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 select sys.database_name,sys.sysevent,sys.login_user from dual;

what is sys in this query?


Can I see the other functions that are in sys?
What is the query for doing so?
In what situations is this sys useful?
Where will be the information about sys is stored in database?

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3 Answers

sys is the system schema. It holds various tables and views that support the rdbms.

You might check out the oracle wiki article which talks about the various schemas and their meaning.

http://en.wikipedia.org/wiki/Oracle_database

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Clear and to the point +1. However , I might have used this link instead : techonthenet.com/oracle/sys_tables/index.php –  Learning Mar 25 '09 at 6:08
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In many database systems, including the major database products from Oracle, Microsoft and Sybase, groups of related database tables can be pulled together into a schema.

Some large systems (and, for that matter, some not so large systems) use this as a way to control access, or just as a way to keep things well organised.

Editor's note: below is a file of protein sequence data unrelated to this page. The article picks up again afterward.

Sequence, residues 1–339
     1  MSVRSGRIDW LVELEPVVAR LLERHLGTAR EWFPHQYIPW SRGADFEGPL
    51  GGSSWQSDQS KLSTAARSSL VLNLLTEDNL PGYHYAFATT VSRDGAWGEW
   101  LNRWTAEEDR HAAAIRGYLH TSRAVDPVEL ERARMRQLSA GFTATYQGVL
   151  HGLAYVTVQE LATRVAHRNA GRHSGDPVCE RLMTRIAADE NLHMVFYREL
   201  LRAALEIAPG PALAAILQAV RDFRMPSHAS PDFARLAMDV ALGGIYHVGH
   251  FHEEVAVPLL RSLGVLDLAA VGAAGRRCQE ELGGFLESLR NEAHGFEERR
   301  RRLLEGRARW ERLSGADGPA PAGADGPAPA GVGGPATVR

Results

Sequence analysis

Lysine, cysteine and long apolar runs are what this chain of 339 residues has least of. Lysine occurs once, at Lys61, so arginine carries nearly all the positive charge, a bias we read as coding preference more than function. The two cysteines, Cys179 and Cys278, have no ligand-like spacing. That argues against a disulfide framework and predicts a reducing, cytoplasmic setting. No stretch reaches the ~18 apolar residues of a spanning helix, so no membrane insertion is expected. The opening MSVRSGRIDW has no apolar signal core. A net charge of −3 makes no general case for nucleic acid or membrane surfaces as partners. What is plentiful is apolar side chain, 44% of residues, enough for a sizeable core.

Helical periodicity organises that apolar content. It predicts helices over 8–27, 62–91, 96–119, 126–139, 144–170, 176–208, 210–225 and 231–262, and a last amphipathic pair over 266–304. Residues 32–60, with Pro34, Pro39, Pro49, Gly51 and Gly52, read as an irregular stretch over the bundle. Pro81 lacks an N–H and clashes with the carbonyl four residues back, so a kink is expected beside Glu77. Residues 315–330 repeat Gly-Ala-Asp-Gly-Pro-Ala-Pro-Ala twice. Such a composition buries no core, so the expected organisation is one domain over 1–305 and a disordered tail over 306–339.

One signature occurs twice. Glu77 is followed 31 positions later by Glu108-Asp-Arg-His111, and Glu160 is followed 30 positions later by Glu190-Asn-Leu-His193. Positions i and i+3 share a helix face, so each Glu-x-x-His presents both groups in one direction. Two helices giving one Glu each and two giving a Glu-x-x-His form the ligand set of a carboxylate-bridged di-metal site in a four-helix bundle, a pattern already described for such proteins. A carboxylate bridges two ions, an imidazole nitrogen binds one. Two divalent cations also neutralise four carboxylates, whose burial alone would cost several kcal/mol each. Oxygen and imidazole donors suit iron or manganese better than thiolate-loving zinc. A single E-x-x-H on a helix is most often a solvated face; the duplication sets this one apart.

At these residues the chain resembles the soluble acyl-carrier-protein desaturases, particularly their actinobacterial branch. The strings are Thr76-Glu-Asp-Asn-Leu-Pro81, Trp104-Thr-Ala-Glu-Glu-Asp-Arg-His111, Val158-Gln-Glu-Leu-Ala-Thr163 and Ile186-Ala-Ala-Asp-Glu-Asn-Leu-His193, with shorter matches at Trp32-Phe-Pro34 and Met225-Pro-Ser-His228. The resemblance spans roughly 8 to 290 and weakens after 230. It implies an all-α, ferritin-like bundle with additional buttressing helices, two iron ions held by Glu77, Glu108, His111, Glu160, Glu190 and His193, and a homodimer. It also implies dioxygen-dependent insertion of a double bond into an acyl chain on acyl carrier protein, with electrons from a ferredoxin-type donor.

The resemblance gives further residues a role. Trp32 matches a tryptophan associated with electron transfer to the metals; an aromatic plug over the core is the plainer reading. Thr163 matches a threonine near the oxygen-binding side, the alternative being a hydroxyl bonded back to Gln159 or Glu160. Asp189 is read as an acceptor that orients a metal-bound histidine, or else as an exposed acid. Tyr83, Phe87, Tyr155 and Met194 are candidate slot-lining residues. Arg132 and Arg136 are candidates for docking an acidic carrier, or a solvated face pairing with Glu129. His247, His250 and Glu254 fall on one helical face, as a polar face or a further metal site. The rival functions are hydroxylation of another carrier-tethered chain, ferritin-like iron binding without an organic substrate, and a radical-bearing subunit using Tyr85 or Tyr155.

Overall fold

For example, the tables supporting an online catalog (e.g. Amazon or Barnes & Nobel) might all be Marketing.*, the tables around order fulfillment Sales.* and those around Stock management Stock.*.

The sys schema that you've noticed is where system tables live - tables that you can query to find out details about the rest of the database - such as whether a column already exists.

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I agree with Bevan. Here are some answers specific to your questions:

(I'll make the assumption you're talking about Oracle)

Can I see the other functions that are in sys?

Yes, like any schema you can view the procedures, functions and packages in sys using a database development tool such as Toad, PLSQL Developer or Oracle SQL Developer. However my experience has shown that referring to Oracle documentation (freely available online) is a better way to learn about the available functionality than jumping straight to the source code.

What is the query for doing so?

I'd recommend the use of one of the development tools above. Failing that, try:

select * from user_objects where type in ('PACKAGE', 'PROCEDURE', 'FUNCTION');

Once you've found the functionality you're looking for use the DESCRIBE command in SQLPlus to determine the method signatures and data types.

In what situations is this sys useful?

SYS is most often often used as a super user for adminstrative tasks as it has more privileges than a common schema. SYS also contains a lot of the infrastructure on which Oracle depends - don't mess around with the objects that SYS owns.

Where will be the information about sys is stored in database?

Use the methods I have suggested above - but I recommend you read the online documentation rather than dive straight into the source.

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Just a note, querying USER_OBJECTS will only return objects owned by the currently logged-in user. If you're logged in as SYS, then yes USER_OBJECTS will help; otherwise, you'd need to query DBA_OBJECTS or ALL_OBJECTS for objects owned by SYS. –  Jeffrey Kemp May 26 '09 at 2:41
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